But how? We can’t storm into everyone’s homes and take away weapons. We can’t round up all the troubled young men – as seems to be the profile of those who commit these mass shootings – we can’t round up anyone we might suspect as a potential threat and suddenly fix whatever’s broken in them that would conceive such destructive violence. What can we – a little ban of followers of the Prince of Peace do as we seek to serve God without fear? What can we do that all feet might be guided into the way of Peace?

I think the first thing all of us must do is pray –because prayer changes things – it has the power to change the very energy in the atmosphere around us. . . . Sometimes I wonder if the world around us is getting more violent because the world inside us all is becoming more violent. It is as if the very air we breathe has become toxic. It seeps into our bodies, minds, and spirits until we don’t want to talk to those who are different from us. We don’t dare risk and we definitely find it difficult to trust. While twenty minute segments work best, even five minutes a day seeking to cultivate interior quiet allows the Spirit of God to work in us. To pull out the negativity that gets in from outside and pops up from inside too. It’s like the silence just rakes that all away for the beautiful calm of God to pervade us instead. We must start there because we serve the One who started there all the time. According to the gospels, all the time, Jesus was out somewhere communing in quiet with God. Some churches have begun weekly centering prayer groups as part of their peacemaking ministry efforts. The groups cultivate inner peace as a first step in affecting any sort of peace between families and communities and countries. Anyone can do this – this simple act of peace through quiet, centering prayer. And if you want to give it a try but don’t know how, or feel like you haven’t been successful at it in the past, then let me know and we’ll learn and practice together.

From such a place of inner peace, we can begin praying for others who need peace. 351 mass shootings, and a few more this week too –if it’s just the minimum number of people killed or injured in each shooting, that means that at least 1,500 families all across this nation this year are trying to figure out how to go through these holidays for the first time since losing their loved one to the unspeakable violence done to them at the hand of another person. That’s a lot of grieving parents – a lot of hurting siblings – a lot of grandparents whose hearts are breaking this year over the loss of their loved one.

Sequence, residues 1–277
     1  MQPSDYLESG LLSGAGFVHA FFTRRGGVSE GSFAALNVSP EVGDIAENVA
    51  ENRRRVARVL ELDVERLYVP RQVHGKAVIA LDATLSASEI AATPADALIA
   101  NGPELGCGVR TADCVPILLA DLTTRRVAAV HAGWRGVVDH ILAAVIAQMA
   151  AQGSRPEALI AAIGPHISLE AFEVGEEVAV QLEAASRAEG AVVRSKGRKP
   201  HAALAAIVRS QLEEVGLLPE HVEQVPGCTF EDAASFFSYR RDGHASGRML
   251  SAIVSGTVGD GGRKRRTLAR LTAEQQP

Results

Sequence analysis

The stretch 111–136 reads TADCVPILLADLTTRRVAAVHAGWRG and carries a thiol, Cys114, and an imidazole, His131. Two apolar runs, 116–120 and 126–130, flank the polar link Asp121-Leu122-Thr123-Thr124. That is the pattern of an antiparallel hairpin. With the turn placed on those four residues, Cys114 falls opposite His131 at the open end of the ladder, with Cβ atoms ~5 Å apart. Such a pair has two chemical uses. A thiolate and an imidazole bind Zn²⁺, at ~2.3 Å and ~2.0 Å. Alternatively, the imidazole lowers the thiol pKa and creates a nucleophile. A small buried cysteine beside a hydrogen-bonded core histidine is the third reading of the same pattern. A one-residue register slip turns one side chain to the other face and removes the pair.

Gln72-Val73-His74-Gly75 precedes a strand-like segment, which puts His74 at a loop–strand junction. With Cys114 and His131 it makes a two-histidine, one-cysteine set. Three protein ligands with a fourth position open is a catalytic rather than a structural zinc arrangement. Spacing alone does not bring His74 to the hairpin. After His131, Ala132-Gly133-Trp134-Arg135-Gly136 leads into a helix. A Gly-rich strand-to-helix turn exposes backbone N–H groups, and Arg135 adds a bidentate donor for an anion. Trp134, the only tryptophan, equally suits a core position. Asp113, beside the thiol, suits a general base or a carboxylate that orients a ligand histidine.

You know the story of the peace crane, I’m sure. Tomorrow marks the anniversary of our nation being bombed at Pearl Harbor. Well, the peace crane is a paper crane one little girl in Hiroshima, Japan lifted up on her deathbed as a way to work for peace in the world. She started out hoping to make 1,000 of them to bring about her own wish for healing from the cancer she developed, which was believed to be a result of her exposure to the atomic bomb. Upon her death, her classmates took up her cause. The children collected enough money to build a statue in her honor that reads: “This is our cry, this is our prayer: Peace in the world” (www.budddhistcouncil.org). . . . What child doesn’t want to grow up in a world free from violence? There are easy instructions online of how to make the origami peace cranes and wouldn’t it be an interesting Advent practice to make a crane each day as you pray for peace and for those reeling from the loss these mass murders have brought? You even might consider making a paper peace crane each day with the name of a child you know on it – maybe even with the name of one of the children of this church or of the children of the community who are coming to be with us on Wednesday nights – as you pray for their daily safety and self-esteem as they seek to grow in the world we’re giving them.

I know not everyone gets excited about peacemaking – because after all, memories of “peace protests” in our nation’s history can leave a bitter taste. But did you know that the Presbyterian Church has a long history of peacemaking ministries? Since 1983, more than 4,500 PCUSA congregations around the United States have signed the Commitment to Peacemaking. Because, as a denomination, we believe that “peacemaking is not a peripheral issue but a central declaration of the gospel” of Jesus Christ (www.pcusa.org/site_media/media/uploads/peacemaking/pdf/commitment.pdf; p. 3). Congregations commitment to everything from worship expressing God’s desire for our peace, to peacemaking pledges offered to families as guides for how to live together at home, to study of global issues that affect human rights, to being a part of local peacemaking ministries however the church chooses to define such efforts. Congregations who take the pledge begin to see that everything they do to build relationships and uplift the needs of the downtrodden and learn about living together is done as ways of making peace. As ones praying to God to guide our feet into the way of peace.